Houston-based Ruby Pipeline filed for Chapter 11 bankruptcy protection on March 31 in Delaware to restructure debt.
Ruby is a natural gas pipeline joint venture between Kinder Morgan Inc. (NYSE: KMI) and Canada-based Pembina Pipeline Corp. (NYSE: PBA). The pipeline runs 683 miles from Wyoming to Oregon.
In its initial bankruptcy petition, Ruby estimated both its assets and estimated liabilities are between $500 million and $1 billion. The largest unsecured claim listed in the petition is $475 million related to 6% senior notes due in April 2022.
As of March 31, Ruby had approximately $718.875 million outstanding in aggregate principal amount, not including interest, collectively under its 2022 unsecured notes, 2026 subordinated notes and the Klamath agreement in favor of the Klamath tribes, according to a declaration filed by Will W. Brown, vice president of commercial for the Kinder Morgan Natural Gas Pipelines West Region. In 2010, the company had “agreed to support a Living Cultural Center for the Klamath Tribes as a result of the potential damage or destruction to certain cultural resources of great significance to the Klamath Tribes expected to be caused by the construction of the Ruby Pipeline,” per the declaration filed with the court April 1.
The Chapter 11 petition was filed in response to an upcoming debt repayment obligation, Ruby said in a March 31 statement.
“In recent months, the joint venture owners have been working diligently with Ruby’s bondholders in an effort to work out a mutually satisfactory resolution,” Ruby said. “While those efforts will continue, Ruby’s current financial condition necessitates this filing.”
In a separate March 31 statement, Ruby said its estimated general and administrative expenses, ad valorem taxes and operating expenses for fiscal year 2023 are expected to be $8.4 million, $12.8 million and $4.7 million, respectively.
“KMI will continue to operate the pipeline as Chapter 11 permits daily operations to continue,” the March 31 statement added. “Ruby’s customers should notice no difference in its operations.”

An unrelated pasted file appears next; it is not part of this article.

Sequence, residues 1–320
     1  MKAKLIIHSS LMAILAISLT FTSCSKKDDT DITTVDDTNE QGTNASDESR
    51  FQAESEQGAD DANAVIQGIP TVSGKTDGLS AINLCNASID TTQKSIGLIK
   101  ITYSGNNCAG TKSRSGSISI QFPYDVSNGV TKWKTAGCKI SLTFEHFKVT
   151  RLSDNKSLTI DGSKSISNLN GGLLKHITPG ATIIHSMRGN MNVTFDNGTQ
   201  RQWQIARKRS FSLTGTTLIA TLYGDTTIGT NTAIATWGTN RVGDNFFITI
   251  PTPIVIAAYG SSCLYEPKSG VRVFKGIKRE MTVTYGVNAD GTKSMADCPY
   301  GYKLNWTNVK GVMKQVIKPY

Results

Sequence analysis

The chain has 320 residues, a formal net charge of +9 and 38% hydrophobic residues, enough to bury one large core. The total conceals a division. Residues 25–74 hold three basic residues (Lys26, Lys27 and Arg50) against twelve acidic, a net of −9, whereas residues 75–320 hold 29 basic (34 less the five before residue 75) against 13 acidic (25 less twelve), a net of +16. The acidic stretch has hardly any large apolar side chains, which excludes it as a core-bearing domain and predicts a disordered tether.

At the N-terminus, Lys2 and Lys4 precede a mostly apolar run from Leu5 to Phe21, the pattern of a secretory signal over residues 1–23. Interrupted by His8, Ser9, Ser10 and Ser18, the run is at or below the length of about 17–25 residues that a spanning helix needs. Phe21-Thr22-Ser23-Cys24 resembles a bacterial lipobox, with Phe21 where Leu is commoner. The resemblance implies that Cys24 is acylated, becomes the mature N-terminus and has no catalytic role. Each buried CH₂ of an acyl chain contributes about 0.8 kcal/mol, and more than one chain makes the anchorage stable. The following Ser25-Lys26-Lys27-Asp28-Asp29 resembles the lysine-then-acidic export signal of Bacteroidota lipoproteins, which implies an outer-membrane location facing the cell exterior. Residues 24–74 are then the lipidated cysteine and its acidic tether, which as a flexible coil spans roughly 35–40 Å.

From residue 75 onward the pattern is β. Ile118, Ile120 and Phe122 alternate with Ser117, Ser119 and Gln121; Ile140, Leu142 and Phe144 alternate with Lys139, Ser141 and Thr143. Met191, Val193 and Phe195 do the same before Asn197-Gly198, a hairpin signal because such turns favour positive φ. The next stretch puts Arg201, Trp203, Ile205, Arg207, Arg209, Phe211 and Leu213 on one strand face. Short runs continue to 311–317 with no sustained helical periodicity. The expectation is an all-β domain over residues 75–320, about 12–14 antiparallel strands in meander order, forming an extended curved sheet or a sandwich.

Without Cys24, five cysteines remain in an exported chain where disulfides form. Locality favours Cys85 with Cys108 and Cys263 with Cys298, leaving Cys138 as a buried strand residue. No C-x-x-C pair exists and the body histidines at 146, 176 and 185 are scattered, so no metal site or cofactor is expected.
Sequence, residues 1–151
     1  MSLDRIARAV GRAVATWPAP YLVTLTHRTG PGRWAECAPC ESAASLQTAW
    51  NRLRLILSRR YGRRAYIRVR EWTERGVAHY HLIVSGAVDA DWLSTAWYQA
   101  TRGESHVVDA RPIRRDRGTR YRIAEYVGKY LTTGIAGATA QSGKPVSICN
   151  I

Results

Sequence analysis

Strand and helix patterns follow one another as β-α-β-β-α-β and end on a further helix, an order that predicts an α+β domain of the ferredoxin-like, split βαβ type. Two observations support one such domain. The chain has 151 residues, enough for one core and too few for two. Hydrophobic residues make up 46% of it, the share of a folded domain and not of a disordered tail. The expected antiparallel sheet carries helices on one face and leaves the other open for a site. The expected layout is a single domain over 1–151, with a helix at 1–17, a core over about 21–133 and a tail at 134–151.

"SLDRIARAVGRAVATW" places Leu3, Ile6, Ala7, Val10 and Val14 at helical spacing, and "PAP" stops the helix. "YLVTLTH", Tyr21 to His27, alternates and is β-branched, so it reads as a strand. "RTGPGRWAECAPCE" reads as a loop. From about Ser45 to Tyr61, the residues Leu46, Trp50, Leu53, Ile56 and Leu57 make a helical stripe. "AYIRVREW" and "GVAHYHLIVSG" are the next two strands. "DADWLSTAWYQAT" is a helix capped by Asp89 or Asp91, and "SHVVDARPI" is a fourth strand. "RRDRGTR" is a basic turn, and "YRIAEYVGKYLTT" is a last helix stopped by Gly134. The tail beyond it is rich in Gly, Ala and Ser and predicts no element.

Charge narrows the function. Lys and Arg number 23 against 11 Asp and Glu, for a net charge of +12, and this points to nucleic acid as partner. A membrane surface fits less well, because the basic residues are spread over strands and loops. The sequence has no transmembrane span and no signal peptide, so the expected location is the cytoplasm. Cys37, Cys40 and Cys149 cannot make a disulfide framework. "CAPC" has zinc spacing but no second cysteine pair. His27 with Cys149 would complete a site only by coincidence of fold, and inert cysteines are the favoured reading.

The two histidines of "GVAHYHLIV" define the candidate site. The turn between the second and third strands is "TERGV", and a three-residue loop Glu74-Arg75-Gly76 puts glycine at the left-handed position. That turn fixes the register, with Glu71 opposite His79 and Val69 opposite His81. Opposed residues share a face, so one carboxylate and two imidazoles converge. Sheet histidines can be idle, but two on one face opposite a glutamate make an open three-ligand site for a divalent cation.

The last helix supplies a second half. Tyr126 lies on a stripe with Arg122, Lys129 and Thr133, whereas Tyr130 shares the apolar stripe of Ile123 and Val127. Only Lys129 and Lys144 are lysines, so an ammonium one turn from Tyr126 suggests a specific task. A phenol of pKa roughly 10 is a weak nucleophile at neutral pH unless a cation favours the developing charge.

In its latest annual financial report filed with the U.S. Securities and Exchange Commission in February, Kinder Morgan recorded a $116 million loss from Ruby in 2021, which included a non-cash impairment charge of $117 million.
“The impairment at Ruby was the result of upcoming contract expirations and additional uncertainty identified in late February 2021 regarding the proposed development of a third-party LNG exporting facility that could significantly increase the demand for its services,” the report states.
Kinder Morgan reported earnings from Ruby of $15 million in 2020 and a loss of $609 million in 2019, the latter of which included a non-cash impairment charge of $650 million.
When the Ruby Pipeline was built, the company had inked firm contracts with 12 shippers, most of which were for 10 years and expired in July 2021, Brown said in the April 1 declaration. The company has had a harder time inking similar long-term contracts in the current market environment, per the declaration.
“Over the past decade, natural gas supplies have increased in North America, which has generally resulted in lower natural gas prices,” the declaration states. “This, coupled with certain other challenging macroeconomic fundamentals, has resulted in decreased profitability in the Rocky Mountain basins and extraction from such basins trails other basins in North America. Consequently, there is less demand for natural gas from the Rocky Mountain basins and less natural gas has been transported through western natural gas pipelines, including the Ruby Pipeline, during the past decade. The result of the foregoing factors has created a challenging re-contracting environment for the Debtor as shippers generally need to transport less natural gas from the Rocky Mountain basins.”
Bankruptcy filings in the U.S. oil and gas industry plummeted in 2021, sustaining a trend that took hold early in the year as commodity prices recovered, according to law firm Haynes and Boone LLP’s latest report tracking those filings. That low filing rate should carry on through 2022, Buddy Clark, co-chair of the firm’s energy practice group, told the Houston Business Journal.
Generally, there are fewer midstream bankruptcies than upstream bankruptcies due to the nature of the customer contracts they make. The four midstream companies that declared bankruptcy in 2021 brought just $8.26 million in debt to the courts, Haynes and Boone reported. That’s down from $690 million in aggregate debt that midstream companies filed in 2020 and the lowest of any year tracked by Haynes and Boone. Since 2015, only four years have seen debt from midstream bankruptcies total more than $1 billion, peaking at $12.8 billion in 2016.
Haynes and Boone has tracked upstream and midstream bankruptcies since 2015, but the firm has decided to end the report for the foreseeable future.
“The wave of bankruptcies we saw that started in 2015 is over,” Clark said.